I am more afraid that this people have so much confidence in their leaders that they will not inquire for themselves of God whether they are led by him. I am fearful they settle down in a state of blind self-security, trusting their eternal destiny in the hands of their leaders with a reckless confidence that in itself would thwart the purposes of God in their salvation… Let every man and woman know, by the whispering of the Spirit of God to themselves, whether their leaders are walking in the path the Lord dictates, or not.

More recently, the church has issued this statement relative to establishing church doctrine:

Individual members are encouraged to independently strive to receive their own spiritual confirmation of the truthfulness of Church doctrine. Moreover, the Church exhorts all people to approach the gospel not only intellectually but with the intellect and the spirit, a process in which reason and faith work together.

While many might suppose that members are merely encouraged to receive their own confirmation while presuming that the teaching or policy is true and divinely approved, the new statement regarding race and the priesthood suggests that this may not be the case. But more important than the issue itself is our own reaction to it, as Henry Eyring once wrote:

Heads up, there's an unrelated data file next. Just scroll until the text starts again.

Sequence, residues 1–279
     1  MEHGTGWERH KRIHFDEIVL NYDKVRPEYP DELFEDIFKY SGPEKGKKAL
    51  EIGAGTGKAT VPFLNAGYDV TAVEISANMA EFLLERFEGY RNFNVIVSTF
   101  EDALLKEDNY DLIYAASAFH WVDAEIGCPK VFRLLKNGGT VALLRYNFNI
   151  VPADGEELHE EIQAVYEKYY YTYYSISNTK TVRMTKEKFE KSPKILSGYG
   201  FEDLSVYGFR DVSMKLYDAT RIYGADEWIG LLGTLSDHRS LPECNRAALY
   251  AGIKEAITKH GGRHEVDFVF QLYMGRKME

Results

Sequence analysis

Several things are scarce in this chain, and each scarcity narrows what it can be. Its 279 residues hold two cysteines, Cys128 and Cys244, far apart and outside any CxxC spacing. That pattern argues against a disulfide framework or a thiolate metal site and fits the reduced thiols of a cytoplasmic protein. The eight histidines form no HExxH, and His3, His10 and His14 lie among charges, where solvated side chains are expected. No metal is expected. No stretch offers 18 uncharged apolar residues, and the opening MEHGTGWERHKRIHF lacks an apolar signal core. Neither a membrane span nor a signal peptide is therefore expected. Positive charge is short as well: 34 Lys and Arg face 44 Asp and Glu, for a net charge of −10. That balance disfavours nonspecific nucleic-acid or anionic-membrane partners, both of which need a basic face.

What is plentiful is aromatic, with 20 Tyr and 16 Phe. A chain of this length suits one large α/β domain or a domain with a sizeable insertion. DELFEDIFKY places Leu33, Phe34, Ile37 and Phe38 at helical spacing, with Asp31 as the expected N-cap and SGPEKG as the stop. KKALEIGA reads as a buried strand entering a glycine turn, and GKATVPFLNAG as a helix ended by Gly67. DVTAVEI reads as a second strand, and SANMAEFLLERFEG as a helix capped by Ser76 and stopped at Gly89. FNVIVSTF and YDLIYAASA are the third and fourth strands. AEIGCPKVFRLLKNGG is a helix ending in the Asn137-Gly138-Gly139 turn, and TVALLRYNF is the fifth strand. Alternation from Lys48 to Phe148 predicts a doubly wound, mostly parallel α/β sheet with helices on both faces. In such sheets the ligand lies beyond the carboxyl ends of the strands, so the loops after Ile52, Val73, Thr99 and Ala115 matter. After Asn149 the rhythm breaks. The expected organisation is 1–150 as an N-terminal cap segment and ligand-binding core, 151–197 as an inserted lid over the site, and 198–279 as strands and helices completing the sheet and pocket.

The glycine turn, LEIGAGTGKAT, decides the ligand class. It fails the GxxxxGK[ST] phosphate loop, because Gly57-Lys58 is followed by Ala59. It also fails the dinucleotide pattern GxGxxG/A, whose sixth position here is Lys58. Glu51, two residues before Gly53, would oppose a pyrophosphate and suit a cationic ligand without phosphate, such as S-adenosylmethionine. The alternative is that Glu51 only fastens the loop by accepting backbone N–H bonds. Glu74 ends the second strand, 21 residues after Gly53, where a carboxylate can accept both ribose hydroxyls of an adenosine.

The Lord uses imperfect people… He often allows their errors to stand uncorrected. He may have a purpose in doing so, such as to teach us that religious truth comes forth “line upon line, precept upon precept” in a process of sifting and winnowing similar to the one I know so well in science.

Over the years, many Latter-day Saints have abandoned their faith, some of them disillusioned by a racist policy. They conclude, incorrectly in my view, that because a fallible prophet instituted an incorrect policy, that therefore everything the prophet said and did is suspect and worth rejecting. In the process they not only throw the baby out with the bath water, but they take a sledgehammer to the entire bathroom. This is an unfortunate reaction to an admittedly complex issue.

God’s leaders are not infallible, and despite a cultural near-deification of the church’s general leadership, ours is the obligation to “prove all things.” While it may be theologically safe, and intellectually comfortable to operate on a general presumption that anything said by church leaders in an official or quasi-official venue is The Will and Mind of God, this simply is not true.

That does not mean that the gospel is not true. It does not mean that church leaders are being deceptive. And it doesn’t give cause to be critical. As one writer has put it, such fallibility should elicit compassion more than criticism:

I generally believe that God is the same yesterday, today and forever. I believe that church leaders are authorized by God to direct the church and the administration of our salvific liturgies. I also believe that these authorized agents of God at the general, local, and personal levels, like all of us, can be mistaken. I hope that we can be charitable and empathetic with our leaders and coreligionists, past and present.

Whatever his children end up doing, God is still at the helm.